Trade has raised its lovely head. So, what is the fuss all about anyway, you ask??
An objective observer who looks at trade deals will see some obvious things.
First, while some merchants who can take advantage of foreign markets are making a fortune, many of us are losing jobs to foreign companies which can make things cheaper than we can.
Second, our standard of living is going down as the costs of everything go up while our wages stay the same or go down.
Third, the same thing is happening everywhere, not just here.
Fourth, our politicians seem to be so completely mesmerized by the potential positive effects of foreign trade that they ignore what is happening to us every day.
What should we do about it?
We should ask our politicians to look out for us first. If an agreement will help the world's markets but will hurt workers in our country, then it is a bad deal and should be rejected.
It is that simple.
Look at NAFTA this way, then decide whether to keep it, change it or scrap it based on the net positive job gain to the US.
For any new trade agreements, the trade agreement proponents should be asked to calculate how many jobs will be lost and gained in the home economy from the new trade deal. If there is a positive job gain, then it's a good deal.
Can we put labor standards and environmental safeguards into trade deals so we won't be hurt?
No, we can't.
If an agreement hurts workers in our country, then it is a bad deal.
What about consumers who are able to buy cheaper goods from foreign countries than they can buy from our own companies? Won't they be hurt?
In the short run prices will go up a little. But in the not so distant future, we will all be better off because we will have more jobs and be able to afford more things.
Besides, prices are going up anyway because of the world oil crisis. Protecting jobs at home will hardly be noticed.
This is especially true in the USA because trade is still a small part of our economy. Despite what we think, products from China are only about 2% of our economy.
Why is it that so many politicians sell these deals so hard if there will be negative effects on our economy?
To fully understand the trade debate about NAFTA and the other trade agreements, we need to look at two things: Economic theory and economic reality, or the dollars lost and gained by vested interests.
Looking directly at the bottom line of economic theory we see some theories about markets and trade. These theories provide the base rationalizations for the Free Trade Agreements the US and other nations enter.
The first theory we see is called Comparative Advantage. This theory was written in about 1776 by David Ricardo. Basically it says that merchants in any country can make a profit from trading with merchants in other countries even if their costs are higher in the home country. Home country merchants will buy products made in the home country which are comparatively cheaper than other products made in the home country even though these products are more expensive than world prices; then the merchants will sell the home country products at world prices taking a loss and use the money to buy world products at world prices which they can sell in the home country at a huge profit.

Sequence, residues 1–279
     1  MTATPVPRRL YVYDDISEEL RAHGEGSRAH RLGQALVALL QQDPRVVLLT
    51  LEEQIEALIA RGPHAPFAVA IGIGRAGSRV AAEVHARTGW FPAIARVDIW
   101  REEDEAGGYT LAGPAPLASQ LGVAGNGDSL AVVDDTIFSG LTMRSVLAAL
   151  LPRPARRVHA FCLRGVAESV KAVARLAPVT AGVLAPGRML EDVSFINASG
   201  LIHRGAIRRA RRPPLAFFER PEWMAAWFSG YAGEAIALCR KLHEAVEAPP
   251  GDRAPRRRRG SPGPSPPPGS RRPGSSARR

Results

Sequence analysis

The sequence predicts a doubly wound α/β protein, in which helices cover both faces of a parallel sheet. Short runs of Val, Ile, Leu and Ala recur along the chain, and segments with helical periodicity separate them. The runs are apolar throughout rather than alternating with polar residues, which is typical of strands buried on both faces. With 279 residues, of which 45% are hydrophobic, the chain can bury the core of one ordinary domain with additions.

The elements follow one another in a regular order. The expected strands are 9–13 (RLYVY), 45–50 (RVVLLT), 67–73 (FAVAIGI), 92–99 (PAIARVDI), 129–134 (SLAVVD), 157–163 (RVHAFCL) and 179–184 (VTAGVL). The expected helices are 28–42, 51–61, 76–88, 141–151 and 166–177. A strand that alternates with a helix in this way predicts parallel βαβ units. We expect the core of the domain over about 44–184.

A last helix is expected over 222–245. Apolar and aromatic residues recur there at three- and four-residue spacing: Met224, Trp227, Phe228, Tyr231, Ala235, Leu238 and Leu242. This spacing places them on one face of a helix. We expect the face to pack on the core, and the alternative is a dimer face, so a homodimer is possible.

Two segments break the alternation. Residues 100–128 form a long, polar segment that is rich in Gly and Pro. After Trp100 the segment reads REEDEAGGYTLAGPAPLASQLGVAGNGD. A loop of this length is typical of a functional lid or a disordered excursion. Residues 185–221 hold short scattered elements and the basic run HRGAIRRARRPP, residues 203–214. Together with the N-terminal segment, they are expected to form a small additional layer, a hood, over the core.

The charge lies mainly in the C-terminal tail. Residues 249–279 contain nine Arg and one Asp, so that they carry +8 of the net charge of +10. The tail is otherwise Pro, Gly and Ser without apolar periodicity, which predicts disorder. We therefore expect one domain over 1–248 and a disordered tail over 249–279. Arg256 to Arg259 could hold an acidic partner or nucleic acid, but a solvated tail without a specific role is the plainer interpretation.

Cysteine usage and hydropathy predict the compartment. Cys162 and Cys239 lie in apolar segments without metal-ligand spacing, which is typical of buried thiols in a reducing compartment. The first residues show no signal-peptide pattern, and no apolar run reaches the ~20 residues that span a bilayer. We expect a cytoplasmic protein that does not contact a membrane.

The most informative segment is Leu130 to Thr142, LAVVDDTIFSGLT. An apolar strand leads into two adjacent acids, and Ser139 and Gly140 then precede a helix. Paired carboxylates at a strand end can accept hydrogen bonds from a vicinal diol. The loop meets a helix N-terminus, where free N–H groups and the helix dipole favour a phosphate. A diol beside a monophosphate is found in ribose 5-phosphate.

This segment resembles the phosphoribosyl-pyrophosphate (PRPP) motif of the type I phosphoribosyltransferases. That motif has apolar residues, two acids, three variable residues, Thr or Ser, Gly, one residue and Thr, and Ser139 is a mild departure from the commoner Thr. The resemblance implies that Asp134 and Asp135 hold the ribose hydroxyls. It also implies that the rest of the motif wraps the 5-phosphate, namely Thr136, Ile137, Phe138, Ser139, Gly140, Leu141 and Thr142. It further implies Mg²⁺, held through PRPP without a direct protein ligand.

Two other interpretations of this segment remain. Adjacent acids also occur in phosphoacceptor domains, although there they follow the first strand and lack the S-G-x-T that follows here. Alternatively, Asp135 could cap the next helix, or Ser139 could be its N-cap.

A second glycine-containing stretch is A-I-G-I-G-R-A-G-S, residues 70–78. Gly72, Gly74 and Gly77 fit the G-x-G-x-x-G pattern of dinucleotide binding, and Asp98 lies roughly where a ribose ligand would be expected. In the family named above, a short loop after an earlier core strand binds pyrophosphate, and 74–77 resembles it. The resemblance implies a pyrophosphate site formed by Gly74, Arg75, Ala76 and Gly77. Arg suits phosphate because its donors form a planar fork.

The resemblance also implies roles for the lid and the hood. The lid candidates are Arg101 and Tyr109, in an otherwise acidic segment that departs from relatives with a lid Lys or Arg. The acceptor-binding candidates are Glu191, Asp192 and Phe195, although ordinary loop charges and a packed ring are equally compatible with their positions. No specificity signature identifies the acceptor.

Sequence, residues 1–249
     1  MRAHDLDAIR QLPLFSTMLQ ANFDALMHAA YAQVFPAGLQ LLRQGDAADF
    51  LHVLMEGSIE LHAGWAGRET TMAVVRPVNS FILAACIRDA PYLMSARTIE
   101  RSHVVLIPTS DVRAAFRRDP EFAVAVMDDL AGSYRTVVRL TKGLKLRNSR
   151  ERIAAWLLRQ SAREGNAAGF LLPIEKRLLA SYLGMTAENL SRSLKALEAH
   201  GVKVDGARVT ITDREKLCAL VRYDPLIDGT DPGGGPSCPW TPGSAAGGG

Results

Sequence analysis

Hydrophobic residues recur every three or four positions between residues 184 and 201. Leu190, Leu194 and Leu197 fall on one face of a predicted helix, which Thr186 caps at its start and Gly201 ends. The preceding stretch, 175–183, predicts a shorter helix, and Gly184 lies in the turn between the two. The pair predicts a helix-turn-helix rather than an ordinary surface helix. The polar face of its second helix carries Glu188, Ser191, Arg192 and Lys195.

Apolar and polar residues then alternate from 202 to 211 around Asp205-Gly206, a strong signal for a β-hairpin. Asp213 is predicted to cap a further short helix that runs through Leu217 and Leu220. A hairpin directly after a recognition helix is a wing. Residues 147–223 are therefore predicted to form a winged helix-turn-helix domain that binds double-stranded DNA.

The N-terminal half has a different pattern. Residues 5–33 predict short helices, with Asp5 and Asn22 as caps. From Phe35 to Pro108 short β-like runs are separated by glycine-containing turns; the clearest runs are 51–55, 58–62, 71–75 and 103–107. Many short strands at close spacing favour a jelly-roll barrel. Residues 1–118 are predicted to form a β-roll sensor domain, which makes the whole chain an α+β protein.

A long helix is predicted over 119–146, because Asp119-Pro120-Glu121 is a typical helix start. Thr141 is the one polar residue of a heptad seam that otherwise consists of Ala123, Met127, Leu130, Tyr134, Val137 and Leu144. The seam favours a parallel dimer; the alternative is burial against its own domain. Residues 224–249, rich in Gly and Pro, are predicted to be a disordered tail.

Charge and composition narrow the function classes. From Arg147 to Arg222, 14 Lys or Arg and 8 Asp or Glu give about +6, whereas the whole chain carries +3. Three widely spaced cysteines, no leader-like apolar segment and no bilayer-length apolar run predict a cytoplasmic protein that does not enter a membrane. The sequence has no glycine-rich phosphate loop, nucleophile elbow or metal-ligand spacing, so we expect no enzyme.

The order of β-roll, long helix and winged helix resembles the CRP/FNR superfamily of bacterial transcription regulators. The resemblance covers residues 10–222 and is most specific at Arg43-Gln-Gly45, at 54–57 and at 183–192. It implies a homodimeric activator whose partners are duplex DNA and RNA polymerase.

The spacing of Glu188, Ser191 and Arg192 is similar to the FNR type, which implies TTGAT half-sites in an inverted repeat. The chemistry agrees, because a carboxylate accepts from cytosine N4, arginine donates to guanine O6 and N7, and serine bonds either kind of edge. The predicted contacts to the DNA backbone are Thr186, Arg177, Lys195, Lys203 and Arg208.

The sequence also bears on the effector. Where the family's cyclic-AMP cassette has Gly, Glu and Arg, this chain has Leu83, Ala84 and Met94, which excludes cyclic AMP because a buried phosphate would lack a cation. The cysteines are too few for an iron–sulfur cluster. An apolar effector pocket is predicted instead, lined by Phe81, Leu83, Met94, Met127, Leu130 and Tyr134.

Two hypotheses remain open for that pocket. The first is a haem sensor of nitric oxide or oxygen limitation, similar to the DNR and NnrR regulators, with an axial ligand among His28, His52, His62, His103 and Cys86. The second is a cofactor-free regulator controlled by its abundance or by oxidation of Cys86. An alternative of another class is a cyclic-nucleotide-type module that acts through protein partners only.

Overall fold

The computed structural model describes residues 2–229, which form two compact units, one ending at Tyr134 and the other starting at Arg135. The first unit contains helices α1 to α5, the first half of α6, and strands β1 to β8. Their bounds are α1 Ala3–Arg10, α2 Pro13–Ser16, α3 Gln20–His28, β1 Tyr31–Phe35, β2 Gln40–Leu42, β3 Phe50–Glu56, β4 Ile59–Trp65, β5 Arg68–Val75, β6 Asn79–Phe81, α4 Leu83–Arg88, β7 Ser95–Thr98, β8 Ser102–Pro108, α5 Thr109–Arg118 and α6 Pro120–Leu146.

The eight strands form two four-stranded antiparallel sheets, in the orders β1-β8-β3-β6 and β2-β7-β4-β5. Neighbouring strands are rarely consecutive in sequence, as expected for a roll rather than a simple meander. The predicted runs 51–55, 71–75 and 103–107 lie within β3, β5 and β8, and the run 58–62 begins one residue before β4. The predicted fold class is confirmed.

So, the reasoning goes, all the merchants in the home country will specialize in making products which have the relative, comparative advantage in the home market and sell those products in world markets.
When every country's merchants do this, the consumers in all countries will be better off because the merchants in all countries who specialize will create more goods in total.
This is a really wonderful idea even if it doesn't work. It is such a wonderful idea, and also so difficult to understand, that merchants who benefit from trade use this idea to argue against any interference with their trading rights. After all, any taxes on trade (which are called tariffs) will interfere with specialization and reduce the total amount of goods and services produced in the world.
Here is an argument which promises the best of all possible worlds for everyone and is very hard to understand. Is it any wonder that people who gain from agreements based on this idea will defend them tooth and nail?
Second, the twin ideas of Free Markets and Free Trade sound so very good, they must be essentially American. Who can argue with the idea that a free market economy with free trade will bring us the best possible world? And indeed, it has already, hasn't it?
In fact, the USA does not actually have Free Markets or Free Trade. Most markets are regulated very highly today. Most of our complaints about markets happens when government regulators do a bad job, not when a market fails.
The reason for the mortgage crisis we are in now is that we loosened banking regulation on commercial banks and did not regulate the mortgage markets at all. Our crisis today is a failure of regulation, not a failure of markets.
Is there a way out of this mess?
Yes, there is. The federal government needs to manage trade so the harmful effects of trade agreements are minimized. To see how to do that, go to my essay on Balanced Trade here: http://www.mkeever.com/essay.html
For further background see: GLOBAL TRADE AND CONFLICTING NATIONAL INTEREST, Ralph E. Gomory and William J. Baumol, MIT Press, Cambridge, Mass. 2000 ISBN -10: 0-262-07209-2
Copyright, 2008 by Mike P. McKeever, Santa Rosa, CA. This text can be posted in any electronic forum or quoted with attribution in any printed media. For publication in printed form please request permission from the author: email: firstname.lastname@example.org.